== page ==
133. Not dark or obscure; bright; clear. Etymological and pronouncing dictionary of the English language. By Stormonth, James, Phelp, P. H. Published 1874.
  134. To set on fire; to kindle or ignite. Etymological and pronouncing dictionary of the English language. By Stormonth, James, Phelp, P. H. Published 1874.
  135. Easy to be lifted or carried; not difficult; easy to be borne; active; nimble; swift; not dense or heavy; not grave or serious; loose; not chaste. Etymological and pronouncing dictionary of the English language. By Stormonth, James, Phelp, P. H. Published 1874.
  136. To descend from a horse or carriage; to settle; to stoop from flight; to fall in a particular direction; to fall; to strike on. Etymological and pronouncing dictionary of the English language. By Stormonth, James, Phelp, P. H. Published 1874.
  137. A window, or opening in the wall for the admission of light Also a privilege or easement to have light admitted into one's building by the openings made for | LIGHT-HOUSE 728 LIMITATION that purpose, without obstruction or obscuration by the walls of adjacent or neighboring structures. thelawdictionary.org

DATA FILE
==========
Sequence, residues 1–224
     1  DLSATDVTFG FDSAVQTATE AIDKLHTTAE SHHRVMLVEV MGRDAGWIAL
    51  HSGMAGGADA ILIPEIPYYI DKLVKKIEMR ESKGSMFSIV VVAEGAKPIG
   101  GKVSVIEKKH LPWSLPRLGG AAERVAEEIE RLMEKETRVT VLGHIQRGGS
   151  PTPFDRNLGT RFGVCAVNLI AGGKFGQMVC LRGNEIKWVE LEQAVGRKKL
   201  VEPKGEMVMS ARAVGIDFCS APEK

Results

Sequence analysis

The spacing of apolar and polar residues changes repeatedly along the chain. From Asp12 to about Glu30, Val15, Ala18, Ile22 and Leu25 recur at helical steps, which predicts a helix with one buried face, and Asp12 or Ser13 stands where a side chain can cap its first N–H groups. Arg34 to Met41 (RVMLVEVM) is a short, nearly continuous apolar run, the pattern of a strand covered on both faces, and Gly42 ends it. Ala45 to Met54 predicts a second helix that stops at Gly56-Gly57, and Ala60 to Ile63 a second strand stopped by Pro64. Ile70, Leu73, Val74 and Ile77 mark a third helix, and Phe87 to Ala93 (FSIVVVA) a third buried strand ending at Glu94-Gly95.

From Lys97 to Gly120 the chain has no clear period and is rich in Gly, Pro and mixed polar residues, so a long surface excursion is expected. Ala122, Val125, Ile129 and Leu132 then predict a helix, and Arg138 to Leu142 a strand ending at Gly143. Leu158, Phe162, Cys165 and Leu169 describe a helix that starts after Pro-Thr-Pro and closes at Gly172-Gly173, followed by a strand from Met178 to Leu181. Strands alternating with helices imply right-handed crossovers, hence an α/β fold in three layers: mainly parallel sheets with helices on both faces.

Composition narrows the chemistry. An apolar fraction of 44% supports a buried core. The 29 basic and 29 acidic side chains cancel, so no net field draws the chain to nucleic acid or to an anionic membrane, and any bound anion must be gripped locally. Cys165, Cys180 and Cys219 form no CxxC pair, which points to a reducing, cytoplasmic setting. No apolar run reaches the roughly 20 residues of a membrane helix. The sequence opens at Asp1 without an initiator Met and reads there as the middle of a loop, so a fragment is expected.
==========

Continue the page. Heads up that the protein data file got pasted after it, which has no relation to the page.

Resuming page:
138. The manner in which the light strikes upon a picture; that part of a picture which represents those objects upon which the light is supposed to fall; the more illuminated part of a landscape or other scene; -- opposed to shade. Cf. Chiaroscuro. mso.anu.edu.au
  139. To set fire to; to cause to burn; to set burning; to ignite; to kindle; as, to light a candle or lamp; to light the gas; -- sometimes with up. mso.anu.edu.au
  140. To give light to; to illuminate; to fill with light; to spread over with light; -- often with up. mso.anu.edu.au
  141. To be illuminated; to receive light; to brighten; -- with up; as, the room lights up very well. mso.anu.edu.au
  142. To dismount; to descend, as from a horse or carriage; to alight; -- with from, off, on, upon, at, in. mso.anu.edu.au
  143. To come down suddenly and forcibly; to fall; -- with on or upon. mso.anu.edu.au
  144. To come by chance; to happen; -- with on or upon; formerly with into. mso.anu.edu.au